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According to material science, creep or cold flow of materials is defined as the tendency of a solid material to distort or deform permanently when exposed to prolonged mechanical stress. Mechanical creep occurs in materials when they are subjected to high level of stress for a long term, below the yield strength of the materials. Creep resistance is the ability of the material to resist any kind of distortion when subjected to prolonged compressive load over an extended period of time. Creep generally develops in materials that are subjected to mechanical stress at high operating temperature and pressure. Creep management is used in various applications such as heat exchangers, jet engines, nuclear power plants, refineries, and high capacity kilns which operate under high levels of stress and temperature without causing any change to their material dimensions.

Measurement of creep behavior of a metal is determined by measuring the strain deformation as function of time under constant stress. Occurrence of creep is not limited to materials of low tensile strength, but it is also susceptible to occurring to high strength materials having high heat resistance. Atomic bond between molecules of the materials starts failing at high temperature causing the movement of atoms and atomic planes within the materials. This movement of atomic bonds at high temperatures results in restructuring of atoms, causing movements of dislocations and diffusion of the bonds that further leads to permanent deformation of the materials even with high tensile strength. Creep is a risky phenomenon and can cause unanticipated failure of materials at high temperature.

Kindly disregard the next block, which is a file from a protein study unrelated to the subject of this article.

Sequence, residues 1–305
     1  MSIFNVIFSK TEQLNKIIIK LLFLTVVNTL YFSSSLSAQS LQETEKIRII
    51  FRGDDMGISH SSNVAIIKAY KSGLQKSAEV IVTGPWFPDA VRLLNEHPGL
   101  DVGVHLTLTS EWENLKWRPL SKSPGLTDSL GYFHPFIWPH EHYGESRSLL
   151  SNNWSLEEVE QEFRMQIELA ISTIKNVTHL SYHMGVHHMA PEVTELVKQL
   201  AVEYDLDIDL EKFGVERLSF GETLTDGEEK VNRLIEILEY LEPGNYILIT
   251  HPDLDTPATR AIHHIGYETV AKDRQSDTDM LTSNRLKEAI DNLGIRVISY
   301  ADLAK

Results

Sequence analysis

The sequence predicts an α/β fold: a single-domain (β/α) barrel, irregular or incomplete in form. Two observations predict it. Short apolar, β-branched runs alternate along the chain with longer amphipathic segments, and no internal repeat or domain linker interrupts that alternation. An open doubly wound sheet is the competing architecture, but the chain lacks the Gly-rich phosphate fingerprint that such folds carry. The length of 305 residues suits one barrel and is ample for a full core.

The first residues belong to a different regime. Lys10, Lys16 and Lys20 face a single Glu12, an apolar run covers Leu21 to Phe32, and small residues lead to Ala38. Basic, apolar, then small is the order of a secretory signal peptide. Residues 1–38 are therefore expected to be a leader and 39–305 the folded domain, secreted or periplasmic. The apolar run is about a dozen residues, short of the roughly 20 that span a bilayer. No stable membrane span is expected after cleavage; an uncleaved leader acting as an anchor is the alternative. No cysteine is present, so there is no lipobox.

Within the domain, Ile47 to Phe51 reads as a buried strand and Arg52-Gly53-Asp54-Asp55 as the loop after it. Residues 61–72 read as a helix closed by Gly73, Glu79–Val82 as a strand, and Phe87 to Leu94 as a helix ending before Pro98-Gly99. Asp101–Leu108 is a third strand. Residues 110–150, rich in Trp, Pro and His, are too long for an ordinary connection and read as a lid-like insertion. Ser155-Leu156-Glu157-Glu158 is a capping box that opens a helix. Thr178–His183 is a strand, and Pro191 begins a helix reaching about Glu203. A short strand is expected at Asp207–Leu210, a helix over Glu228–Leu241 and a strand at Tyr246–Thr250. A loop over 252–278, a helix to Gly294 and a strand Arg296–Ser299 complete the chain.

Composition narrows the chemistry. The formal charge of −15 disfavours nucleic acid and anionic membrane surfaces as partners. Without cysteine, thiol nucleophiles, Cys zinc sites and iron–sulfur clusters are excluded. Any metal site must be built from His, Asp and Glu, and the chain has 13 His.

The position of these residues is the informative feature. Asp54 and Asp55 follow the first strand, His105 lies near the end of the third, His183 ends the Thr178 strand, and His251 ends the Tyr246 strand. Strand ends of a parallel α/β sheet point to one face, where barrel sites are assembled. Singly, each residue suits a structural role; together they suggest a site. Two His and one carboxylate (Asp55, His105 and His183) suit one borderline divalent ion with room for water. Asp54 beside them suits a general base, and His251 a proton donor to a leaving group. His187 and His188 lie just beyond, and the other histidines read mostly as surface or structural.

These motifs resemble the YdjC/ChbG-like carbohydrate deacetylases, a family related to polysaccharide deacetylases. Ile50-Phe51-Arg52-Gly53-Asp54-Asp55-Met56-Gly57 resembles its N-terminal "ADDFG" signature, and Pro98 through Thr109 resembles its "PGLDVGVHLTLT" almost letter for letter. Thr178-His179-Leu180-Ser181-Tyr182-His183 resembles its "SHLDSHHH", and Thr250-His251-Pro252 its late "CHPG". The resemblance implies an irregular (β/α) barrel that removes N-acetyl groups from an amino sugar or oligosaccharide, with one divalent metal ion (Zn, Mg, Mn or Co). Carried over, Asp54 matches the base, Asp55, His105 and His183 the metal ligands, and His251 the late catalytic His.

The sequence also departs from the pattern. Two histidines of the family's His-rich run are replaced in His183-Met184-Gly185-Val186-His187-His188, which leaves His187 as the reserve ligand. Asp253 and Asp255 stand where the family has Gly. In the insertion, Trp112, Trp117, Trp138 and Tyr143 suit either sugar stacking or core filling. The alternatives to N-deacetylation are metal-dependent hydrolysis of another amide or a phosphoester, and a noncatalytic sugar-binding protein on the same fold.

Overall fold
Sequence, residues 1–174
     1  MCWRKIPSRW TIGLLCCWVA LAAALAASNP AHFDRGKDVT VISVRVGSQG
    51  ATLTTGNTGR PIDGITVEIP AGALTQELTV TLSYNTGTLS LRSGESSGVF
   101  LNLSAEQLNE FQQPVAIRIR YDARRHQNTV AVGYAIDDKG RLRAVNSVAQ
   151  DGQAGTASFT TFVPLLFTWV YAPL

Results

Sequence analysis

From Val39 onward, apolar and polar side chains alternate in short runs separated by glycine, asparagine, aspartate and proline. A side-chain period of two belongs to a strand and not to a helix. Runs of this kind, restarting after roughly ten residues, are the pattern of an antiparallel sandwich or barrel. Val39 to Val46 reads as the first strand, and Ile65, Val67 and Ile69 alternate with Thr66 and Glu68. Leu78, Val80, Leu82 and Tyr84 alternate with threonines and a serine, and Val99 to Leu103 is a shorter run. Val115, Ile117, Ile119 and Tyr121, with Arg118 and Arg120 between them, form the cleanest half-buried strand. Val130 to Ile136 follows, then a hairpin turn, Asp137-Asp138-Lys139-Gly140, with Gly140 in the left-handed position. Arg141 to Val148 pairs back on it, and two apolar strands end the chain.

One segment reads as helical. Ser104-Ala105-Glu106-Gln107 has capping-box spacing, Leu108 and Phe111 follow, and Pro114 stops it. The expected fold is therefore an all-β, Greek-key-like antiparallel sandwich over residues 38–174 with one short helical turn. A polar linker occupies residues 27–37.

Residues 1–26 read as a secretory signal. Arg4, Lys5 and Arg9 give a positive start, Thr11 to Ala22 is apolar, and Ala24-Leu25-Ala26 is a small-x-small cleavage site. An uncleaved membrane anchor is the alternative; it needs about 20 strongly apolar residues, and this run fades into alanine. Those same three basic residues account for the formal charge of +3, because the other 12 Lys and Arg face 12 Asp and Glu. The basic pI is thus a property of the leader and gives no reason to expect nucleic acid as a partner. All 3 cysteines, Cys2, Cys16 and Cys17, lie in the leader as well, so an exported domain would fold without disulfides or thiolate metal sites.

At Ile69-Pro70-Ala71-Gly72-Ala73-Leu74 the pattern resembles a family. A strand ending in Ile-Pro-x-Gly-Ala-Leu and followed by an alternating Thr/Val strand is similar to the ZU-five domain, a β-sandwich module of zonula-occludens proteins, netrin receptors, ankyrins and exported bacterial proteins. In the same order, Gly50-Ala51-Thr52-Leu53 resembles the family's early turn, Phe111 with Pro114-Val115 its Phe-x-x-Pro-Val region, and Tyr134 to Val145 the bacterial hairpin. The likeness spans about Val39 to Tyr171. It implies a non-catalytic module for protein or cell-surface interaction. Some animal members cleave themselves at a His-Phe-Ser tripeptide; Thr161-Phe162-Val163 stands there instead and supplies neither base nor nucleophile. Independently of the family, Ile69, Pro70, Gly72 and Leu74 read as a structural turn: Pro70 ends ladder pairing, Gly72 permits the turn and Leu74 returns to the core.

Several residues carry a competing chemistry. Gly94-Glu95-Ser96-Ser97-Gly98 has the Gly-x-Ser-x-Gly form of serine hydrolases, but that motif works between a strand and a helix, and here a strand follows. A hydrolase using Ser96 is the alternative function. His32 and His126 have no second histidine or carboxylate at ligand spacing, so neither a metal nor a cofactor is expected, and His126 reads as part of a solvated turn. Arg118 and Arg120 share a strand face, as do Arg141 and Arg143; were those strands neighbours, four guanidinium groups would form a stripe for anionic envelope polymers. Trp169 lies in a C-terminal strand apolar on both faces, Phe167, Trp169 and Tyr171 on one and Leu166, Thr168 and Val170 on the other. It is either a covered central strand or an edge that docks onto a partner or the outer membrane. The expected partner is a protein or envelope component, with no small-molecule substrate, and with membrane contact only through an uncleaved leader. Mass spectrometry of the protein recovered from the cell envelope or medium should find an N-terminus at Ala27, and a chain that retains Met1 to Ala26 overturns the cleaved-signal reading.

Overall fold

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In recent times, advanced methods and techniques have been devised and several other experiments are being carried on around the globe to make materials creep-free by using special performance enhancing additives. Some of the modern creep resistance materials are made of carbon-carbon and ceramic-ceramic composites for applications up to 1,600°C and above. Recent developments of the inter-metallic compounds such as Ti Si3 and MoSi2 has shown improved behavior against creep with enhanced mechanical properties and improved deformation behavior. Combination of high-strength, thermodynamically compatible, and ductile reinforcements with conventional materials have shown improved toughening and strengthening mechanisms for high-temperature service. Modern composites have displayed improved behavior against creep with increased fracture toughness, oxidation resistance, combine strength, and mechanical and microstructural stability over the broad range of high temperature when combined with carbon fiber and titanium alloys.

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Carbon fiber reinforced with titanium alloys is a creep resistant material used in turbine blades and jet engine operations. It is one of the hardest high performance creep resistant material available which is 50% harder than tungsten carbide. Molecular density of carbon fiber reinforced titanium is in excess of 95% of most materials which can be used in high purity applications. Certain grades of stainless steel used in weld metals have shown higher resistance to creep than that of others at high temperature. Stainless steel with 0.04% to 0.08% of carbon has shown higher creep resistance as compared to other grades of steel with lower carbon percentages. Creep failure sometimes take years to occur depending on the temperature resistance of the material.